International Women’s Day (IWD) offers an opportunity to discuss global issues around women in the workplace. It also provides an ample platform to raise issues around gender diversity and to discuss solutions with many stakeholders. The message should be clear that achieving equality benefits us all as diversity leads to stronger business results, as countless studies have shown.
It can, however, be difficult to solve problems that we don’t see or understand clearly. That’s why this annual celebration is crucial in helping to dissect and explain prominent issues, broadening the debate to include a wider audience. For instance, in some cases, men may not fully grasp the barriers that actually hold women back at work. As a result, they are less committed to gender diversity, and of course, without male allies, attempts to effect change are hindered.
“As a woman working at the intersection of technology and science, I have quite a useful bird’s eye view.”
Aside from my own anecdotes having worked in male dominated environments, the evidence indicates that there are more women entering the science arena, and, while this is encouraging, the real challenges begin as they attempt to move up the career ladder. For women working in technology, however, the situation is even more dire – there are too few women entering the field in the first place.
Gartner ran a Chief Information Officer (CIO) Agenda report on: “A Perspective on the Priorities of Women and Men.” The report showed that the percentage of women CIOs in technology has remained largely the same since 2004. According to research from PWC’s 2017 report titled: “Women in Tech: Time to close the gender gap,” only 5% of leadership positions in the technology sector are held by women. The 2017 “The Global Gender Gap Index” report introduced by the World Economic Forum states that women are strongly under-represented in Engineering, Manufacturing and Construction and Information, Communication and Technology.
Even more telling, according to the 2017 “Women in the Workplace” report, many employees of companies with only a few female leaders still think women are well represented in leadership. As this then becomes the norm, management are unlikely to feel any urgency for change. But indicative of the stats, clearly something does need to happen. One example that shows the scale of the problem; nearly 50 percent of men think women are well represented in leadership in companies where only one in ten senior leaders are women.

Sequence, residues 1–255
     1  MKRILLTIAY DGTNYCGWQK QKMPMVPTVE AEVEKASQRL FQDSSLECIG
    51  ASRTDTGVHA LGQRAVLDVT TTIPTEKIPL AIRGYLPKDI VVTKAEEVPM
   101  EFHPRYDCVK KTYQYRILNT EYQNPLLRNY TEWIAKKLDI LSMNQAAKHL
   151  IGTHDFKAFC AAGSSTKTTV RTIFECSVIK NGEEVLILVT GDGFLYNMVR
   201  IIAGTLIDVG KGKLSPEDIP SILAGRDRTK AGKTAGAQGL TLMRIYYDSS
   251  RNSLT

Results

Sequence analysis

“50 percent of men think women are well represented in leadership in companies where only one in ten senior leaders are women.”
Does this problem stem from the challenges of recruiting girls earlier on? Or are there also issues with promotion bias, or a lack of female role models? According to further research highlighted in PWC’s report, 78% of students can’t name a famous female working in technology. So perhaps the issues do start early on.
These disappointing statistics need to change. But the only way we will see real change is with action. Results such as these show that more women in tech roles need to be celebrated and showcased, especially to the younger generations. Hopefully this can encourage an increase in the pipeline of women entering into tech roles so we can move towards equilibrium.
However, there is some good news too, as the “Women in the Workplace” report shows that more companies are committing to gender equality. But progress will remain slow unless we confront blind spots on diversity – particularly regarding employee perceptions of the status quo.
So what can companies do to address these issues? At Clarivate Analytics, we will be participating in this year’s International Women’s Day call to #PressforProgress by raising the profiles of female leaders both internally and as part of a global public awareness campaign.
“At Clarivate Analytics – we invite you to join us for a very special International Women’s Day blog series profiling the female scientists, inventors, researchers, and corporate leaders featured in Web of Science, Derwent, BioWorld, and Publons.”
Here are a few other suggestions for companies seeking to promote gender equality in the workplace:
- Create an open and safe forum for discussion around these issues. Deal with any issues head on and in a transparent way.
- Support male colleagues in becoming allies – offer training where relevant.
- Showcase talent wherever possible – offer up real role models and mentors.
- Offer relevant training for managers around these issues so they know how to offer the best support.
- Give female employees opportunities to interact regularly with senior leaders.
- Offer career advice and support for women who want it, including advice from senior leaders on how to advance.
If you’re lucky enough to work for a company that invests in female leadership engagement campaigns like the ones mentioned, I urge you to join in the celebrations. Or why not create your own? If you want to be inspired in the meantime, take a look at our blog series and follow our online campaign using #WomenAtClarivate.